San Francisco's trash and recycling company has admitted to bribing former SF Public Works Director Mohammad Nuru to the tune of $900,000, and it does so just as the federal government was charging it with conspiracy to commit honest services fraud.
Recology Inc., the larger parent company that is based in SF, has not been charged with anything, however three of Recology's subsidiaries, known as the SF Recology Group — consisting of Recology San Francisco, Sunset Scavenger Company, and Golden Gate Disposal & Recycling Company — have been charged with conspiring to bribe Nuru, who served as their regulator in city government. And the companies have agreed to a deferred prosecution deal that comes with conditions including a $36 million fine, and cooperation on the government's ongoing corruption case.
As SFist reported in July, one former Recology exec charged in the bribery scheme, former community relations manager of the SF Recology Group Paul Giusti, took a plea deal and was already cooperating with the feds. The bribes reportedly came in the form of $150,000 annual payments, paid in $30,000 installments from 2014 into 2019, to an unnamed San Francisco non-profit organization. (This may or may not be the SF Parks Alliance, but prosecutors believe the organization in question held accounts that were in Nuru's control — and a public integrity review by the SF Controller's office last year highlighted potential "pay-to-play risk" with the Parks Alliance and several other city-linked non-profits.)
Recology SF is now admitting, as part of today's deal, that Giusti made these payments, and that Giusti also funneled "$60,000 to fund Nuru’s annual DPW holiday bash from 2016 to 2019, disguised as 'holiday donations' to the Lefty O’Doul’s Foundation for Kids." These payments were revealed early on in the scandal, as Lefty O'Doul's restaurateur Nick Bovis was also being charged alongside Nuru.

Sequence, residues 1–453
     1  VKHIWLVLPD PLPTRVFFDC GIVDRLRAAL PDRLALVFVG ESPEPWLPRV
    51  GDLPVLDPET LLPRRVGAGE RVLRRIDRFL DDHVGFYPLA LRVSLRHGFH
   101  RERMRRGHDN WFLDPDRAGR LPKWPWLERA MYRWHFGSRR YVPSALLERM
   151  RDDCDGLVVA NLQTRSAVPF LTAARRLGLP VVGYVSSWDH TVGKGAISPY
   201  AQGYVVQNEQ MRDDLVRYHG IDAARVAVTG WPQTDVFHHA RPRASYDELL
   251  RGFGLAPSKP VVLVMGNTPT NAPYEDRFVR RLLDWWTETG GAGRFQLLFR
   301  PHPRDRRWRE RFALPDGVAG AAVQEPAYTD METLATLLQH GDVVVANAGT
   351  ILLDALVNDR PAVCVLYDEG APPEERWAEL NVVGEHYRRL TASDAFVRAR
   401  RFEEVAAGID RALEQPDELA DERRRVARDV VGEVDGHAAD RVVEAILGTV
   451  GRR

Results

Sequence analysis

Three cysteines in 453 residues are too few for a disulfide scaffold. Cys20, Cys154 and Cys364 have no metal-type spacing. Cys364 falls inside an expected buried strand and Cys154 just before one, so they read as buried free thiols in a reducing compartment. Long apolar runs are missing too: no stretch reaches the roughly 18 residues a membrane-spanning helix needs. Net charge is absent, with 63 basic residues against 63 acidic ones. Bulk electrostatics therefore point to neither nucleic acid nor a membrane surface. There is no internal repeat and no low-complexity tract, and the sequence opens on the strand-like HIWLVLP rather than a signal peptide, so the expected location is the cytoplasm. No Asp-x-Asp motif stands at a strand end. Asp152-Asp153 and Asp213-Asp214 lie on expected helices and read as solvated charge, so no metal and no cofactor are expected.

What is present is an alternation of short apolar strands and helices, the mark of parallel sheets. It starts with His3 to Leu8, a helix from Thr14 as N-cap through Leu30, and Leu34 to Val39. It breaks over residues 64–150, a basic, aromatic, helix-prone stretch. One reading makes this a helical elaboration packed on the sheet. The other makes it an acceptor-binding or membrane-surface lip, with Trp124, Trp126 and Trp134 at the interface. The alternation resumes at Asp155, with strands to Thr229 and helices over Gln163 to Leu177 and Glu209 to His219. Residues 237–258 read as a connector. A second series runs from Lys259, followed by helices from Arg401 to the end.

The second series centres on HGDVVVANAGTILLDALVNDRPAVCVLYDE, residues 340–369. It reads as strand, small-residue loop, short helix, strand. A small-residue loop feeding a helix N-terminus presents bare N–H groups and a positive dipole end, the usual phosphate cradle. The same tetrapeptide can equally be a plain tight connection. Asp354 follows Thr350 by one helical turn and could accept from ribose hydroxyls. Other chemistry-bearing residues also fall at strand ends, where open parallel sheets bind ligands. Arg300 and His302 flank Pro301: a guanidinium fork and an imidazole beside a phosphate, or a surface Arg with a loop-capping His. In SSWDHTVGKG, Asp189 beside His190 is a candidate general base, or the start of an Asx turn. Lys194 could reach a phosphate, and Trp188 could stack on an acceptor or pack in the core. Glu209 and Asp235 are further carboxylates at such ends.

"San Francisco citizens were victimized for years in a bribery scheme involving public contractors and a powerful, corrupt San Francisco public official,” said Acting United States Attorney Stephanie M. Hinds in a DOJ release. "San Francisco citizens expect and deserve honest services from its government. Today, the SF Recology Group and its parent company Recology, Inc. are taking positive steps to rectify that flagrant wrong and have committed to full cooperation in the ongoing investigation into San Francisco City Hall corruption."
As part of the deferred prosecution agreement, which is still subject to court approval, Recology SF and its affiliates are also agreeing to implement an "enhanced corporate compliance program," and provide the government with annual reports on its implementation over the next three years. Failure to comply with the conditions of the agreement could put the companies back in trouble during that three year period, otherwise the charges will be dropped.
What's not quite clear are the fates of individual executives Paul Giusti and his former supervisor, John Porter, who was also charged by the feds in April — and unlike Giusti, Porter has not taken a plea.
According to the feds, "SF Recology Group admits that Giusti made these bribes with the knowledge and approval of his supervisor Porter and, before Porter was Giusti’s supervisor, with the knowledge and approval Porter’s predecessor."
Separate from the bribery charge, Recology SF agreed in May to settle a separate issue with the city and waste-collection customers — this having to do with overcharges that they say were a clerical error they discovered themselves, though the city attorney's office kind of took credit. Under that agreement, Recology paid $7 million to the city stemming from a miscalculation of garage collection rates, and an average of $190 per ratepayer.
Photo via Recology SF